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IEA Proposes Solutions To Cedi Depreciation

The Institute of Economic Affairs (IEA) has called on managers of the economy to arrest the depreciating local currency by seriously taking every requisite measure needed to strengthen it.

The IEA, which gave the advice in a recent statement, said policymakers have consistently failed to take the requisite measures to buttress the cedi, emphasising that almost invariably, “they wait till the situation begins to get out of control before they adopt firefighting, albeit unsustainable, measures.”

It indicated that “Presently, we seem to be waiting for the IMF’s [International Monetary Fund’s] and other developing partners’ funding before restoring some stability to the cedi. This approach, however, is not sustainable, as history has taught us. We have been to the IMF seven-teen times, but that has not brought any lasting stability to the cedi.”

In continuing that policymakers have resorted to waiting till the situation begins to get out of control before they adopt firefighting, albeit unsustainable, measures.

“The question being asked by most people is: what is the solution to the evolving cedi crisis and how do we prevent similar future episodes? To lay economists, the solution may seem monumental—or that is what our economic managers would want us to believe. However, to some of us who are lucky to be more tutored in the subject, we do not see the solution to be rocket science,” it stated.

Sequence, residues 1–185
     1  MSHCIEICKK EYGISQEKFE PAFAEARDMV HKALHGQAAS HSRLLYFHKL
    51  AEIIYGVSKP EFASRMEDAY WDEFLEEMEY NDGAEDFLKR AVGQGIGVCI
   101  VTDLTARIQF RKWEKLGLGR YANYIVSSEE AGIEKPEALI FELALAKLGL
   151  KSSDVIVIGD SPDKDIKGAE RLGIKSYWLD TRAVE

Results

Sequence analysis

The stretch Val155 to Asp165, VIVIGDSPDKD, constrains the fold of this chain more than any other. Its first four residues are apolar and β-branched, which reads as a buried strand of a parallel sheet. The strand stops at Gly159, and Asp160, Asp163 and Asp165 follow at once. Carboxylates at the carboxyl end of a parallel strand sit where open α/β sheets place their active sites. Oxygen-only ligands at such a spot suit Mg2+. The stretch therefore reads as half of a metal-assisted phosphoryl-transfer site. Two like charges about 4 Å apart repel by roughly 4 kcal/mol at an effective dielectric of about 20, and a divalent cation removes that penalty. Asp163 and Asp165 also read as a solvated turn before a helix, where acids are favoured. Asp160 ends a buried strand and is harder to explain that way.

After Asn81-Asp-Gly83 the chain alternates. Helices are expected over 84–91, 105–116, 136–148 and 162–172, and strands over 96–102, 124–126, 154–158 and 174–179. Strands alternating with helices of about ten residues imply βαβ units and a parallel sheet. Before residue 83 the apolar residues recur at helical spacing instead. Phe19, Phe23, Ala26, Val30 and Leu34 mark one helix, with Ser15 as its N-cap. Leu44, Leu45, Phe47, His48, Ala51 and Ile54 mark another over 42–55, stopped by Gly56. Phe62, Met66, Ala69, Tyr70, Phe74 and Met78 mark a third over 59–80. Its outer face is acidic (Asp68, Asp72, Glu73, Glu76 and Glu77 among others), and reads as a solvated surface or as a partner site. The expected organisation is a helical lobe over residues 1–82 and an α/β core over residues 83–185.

Further calling on policymakers to deal with the underlying determinants of foreign exchange demand and supply, it also recommended that there should be timelines, which “we have conveniently categorised into the fire-fighting, short-term, medium-term and long-term phases. The measures for these phases are not necessarily to be undertaken sequentially. Indeed, many of them are required to begin today and to run simultaneously in order to achieve maximum impact.”

Touching on the acceleration of external debt restructuring, it advised the government to immediately engage with the IMF and the external creditors to reach an early agreement, adding this would allow the IMF to release the third tranche of $300 million under the Economic Credit Facility programme, while releasing funds from other development partners, such as the World Bank, African Development Bank and bilateral creditors.

Such funds, the IEA said, would boost the Bank of Ghana’s reserves, and help it to provide higher liquidity to the FX market to calm the current situation.

The IEA also urged BoG to step up the enforcement of FX market regulations.

“The regulations include: FX carry-on limits for travellers; supportive documentations for FX purchases and outward transfers; non-pricing of goods and services in FX; non-payment of FX to Ghanaians for their services; and trading in FX. Enforcing these regulations would general limit FX demand. We would, however, caution BoG to proceed cautiously and, in particular, operate secretly so as to not give a sense of desperation on its part as this could lead to increased speculative demand for FX, while also driving FX activities underground.”

The IEA further asked the Central Bank to use its Economic Intelligence Unit, in collaboration with the security agencies, to monitor acts of illegal FX transfers through banks, forex bureaus and other channels as well as money laundering to reduce the demand for FX.